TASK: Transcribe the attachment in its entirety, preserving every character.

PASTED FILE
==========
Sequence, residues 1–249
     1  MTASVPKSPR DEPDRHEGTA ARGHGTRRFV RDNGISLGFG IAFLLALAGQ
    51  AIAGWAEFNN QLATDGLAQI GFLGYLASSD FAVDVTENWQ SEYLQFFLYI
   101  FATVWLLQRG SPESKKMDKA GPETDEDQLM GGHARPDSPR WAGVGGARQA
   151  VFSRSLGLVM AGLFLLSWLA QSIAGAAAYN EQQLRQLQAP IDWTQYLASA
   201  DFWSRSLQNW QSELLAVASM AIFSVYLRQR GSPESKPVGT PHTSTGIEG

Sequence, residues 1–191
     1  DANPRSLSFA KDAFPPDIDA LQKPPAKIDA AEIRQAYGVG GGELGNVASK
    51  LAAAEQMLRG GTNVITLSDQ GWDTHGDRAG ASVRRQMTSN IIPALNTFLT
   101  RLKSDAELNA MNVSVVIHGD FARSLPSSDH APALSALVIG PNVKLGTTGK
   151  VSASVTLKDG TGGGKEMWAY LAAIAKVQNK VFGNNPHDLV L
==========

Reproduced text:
Sequence, residues 1–249
     1  MTASVPKSPR DEPDRHEGTA ARGHGTRRFV RDNGISLGFG IAFLLALAGQ
    51  AIAGWAEFNN QLATDGLAQI GFLGYLASSD FAVDVTENWQ SEYLQFFLYI
   101  FATVWLLQRG SPESKKMDKA GPETDEDQLM GGHARPDSPR WAGVGGARQA
   151  VFSRSLGLVM AGLFLLSWLA QSIAGAAAYN EQQLRQLQAP IDWTQYLASA
   201  DFWSRSLQNW QSELLAVASM AIFSVYLRQR GSPESKPVGT PHTSTGIEG

Sequence, residues 1–191
     1  DANPRSLSFA KDAFPPDIDA LQKPPAKIDA AEIRQAYGVG GGELGNVASK
    51  LAAAEQMLRG GTNVITLSDQ GWDTHGDRAG ASVRRQMTSN IIPALNTFLT
   101  RLKSDAELNA MNVSVVIHGD FARSLPSSDH APALSALVIG PNVKLGTTGK
   151  VSASVTLKDG TGGGKEMWAY LAAIAKVQNK VFGNNPHDLV L